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Pay-rise promise fails to stop protests


Russia's long-suffering teachers have been promised a pay rise of up to 40 per cent as part of the Kremlin's pound;1 billion drive to tackle years of neglect in the education sector.

The federal budget for teachers' pay will be increased by a third from October, education minister Vladimir Filippov announced a fortnight ago.

But the news was not enough to prevent a wave of strikes and demonstrations last week when teachers, health workers and other public-sector employees demanded the government clear wage arrears totalling more than pound;50 million.

The pay increase, announced by Mr Filippov during a televised Kremlin meeting with President Vladimir Putin, promises more than 1.4m teachers between pound;20 and pound;40 extra a month.

"Teachers' salaries depend on seniority and in which regions they work, but most earn between 3,000 5,000 roubles ((pound;60-pound;100) a month," a spokeswoman said.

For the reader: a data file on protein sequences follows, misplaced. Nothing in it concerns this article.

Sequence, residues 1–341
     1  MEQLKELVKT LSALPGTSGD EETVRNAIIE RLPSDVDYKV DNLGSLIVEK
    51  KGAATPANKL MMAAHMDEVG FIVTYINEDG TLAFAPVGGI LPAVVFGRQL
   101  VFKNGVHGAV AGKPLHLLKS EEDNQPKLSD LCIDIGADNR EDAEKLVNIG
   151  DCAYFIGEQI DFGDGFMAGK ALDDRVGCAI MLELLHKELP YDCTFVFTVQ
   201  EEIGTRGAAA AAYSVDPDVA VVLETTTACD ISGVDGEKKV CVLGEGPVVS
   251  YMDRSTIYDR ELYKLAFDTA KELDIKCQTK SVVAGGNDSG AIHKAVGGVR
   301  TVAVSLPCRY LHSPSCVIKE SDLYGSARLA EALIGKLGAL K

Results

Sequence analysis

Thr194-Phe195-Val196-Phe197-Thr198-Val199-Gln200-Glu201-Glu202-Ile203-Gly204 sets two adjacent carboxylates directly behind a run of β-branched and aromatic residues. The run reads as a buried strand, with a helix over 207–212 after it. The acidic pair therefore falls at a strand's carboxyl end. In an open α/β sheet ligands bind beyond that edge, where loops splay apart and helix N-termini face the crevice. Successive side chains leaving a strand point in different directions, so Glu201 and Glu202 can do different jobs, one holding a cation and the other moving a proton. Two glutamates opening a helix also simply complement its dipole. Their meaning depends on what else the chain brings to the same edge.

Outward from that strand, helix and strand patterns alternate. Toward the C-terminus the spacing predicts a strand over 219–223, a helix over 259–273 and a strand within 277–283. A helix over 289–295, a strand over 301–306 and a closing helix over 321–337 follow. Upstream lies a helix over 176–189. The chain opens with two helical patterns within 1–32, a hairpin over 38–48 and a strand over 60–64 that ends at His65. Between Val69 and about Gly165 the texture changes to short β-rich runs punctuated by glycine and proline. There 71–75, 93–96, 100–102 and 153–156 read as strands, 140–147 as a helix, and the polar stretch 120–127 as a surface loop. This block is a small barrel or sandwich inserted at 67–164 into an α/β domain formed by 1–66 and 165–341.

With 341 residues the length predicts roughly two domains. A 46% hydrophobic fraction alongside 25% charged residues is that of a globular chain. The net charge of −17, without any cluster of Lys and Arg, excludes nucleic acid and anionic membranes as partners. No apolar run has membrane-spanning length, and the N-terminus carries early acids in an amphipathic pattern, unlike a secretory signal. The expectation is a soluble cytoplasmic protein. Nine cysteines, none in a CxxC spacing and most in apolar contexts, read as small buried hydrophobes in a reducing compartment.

In a country where teachers have long come at the bottom of the list of government priorities, and where chronic wage arrears were a feature of the system until recently, the increases will be welcome.

Four years ago Russia's teachers were shocked by the death of Alexander Motorin, a 43-year-old teacher from the central Russian city of Ulyanovsk, where he had been on hunger strike over unpaid wages. Since then education has crept up the political agenda.

Last year the education budget exceeded that of defence for the first time in Russian history, although teachers remain cynical.

Vyacheslav Sashenkov, a secondary school head from central Russia, said:

"Most of our salaries depend on regional payments, and much-vaunted increases rarely turn out to be so good in reality."

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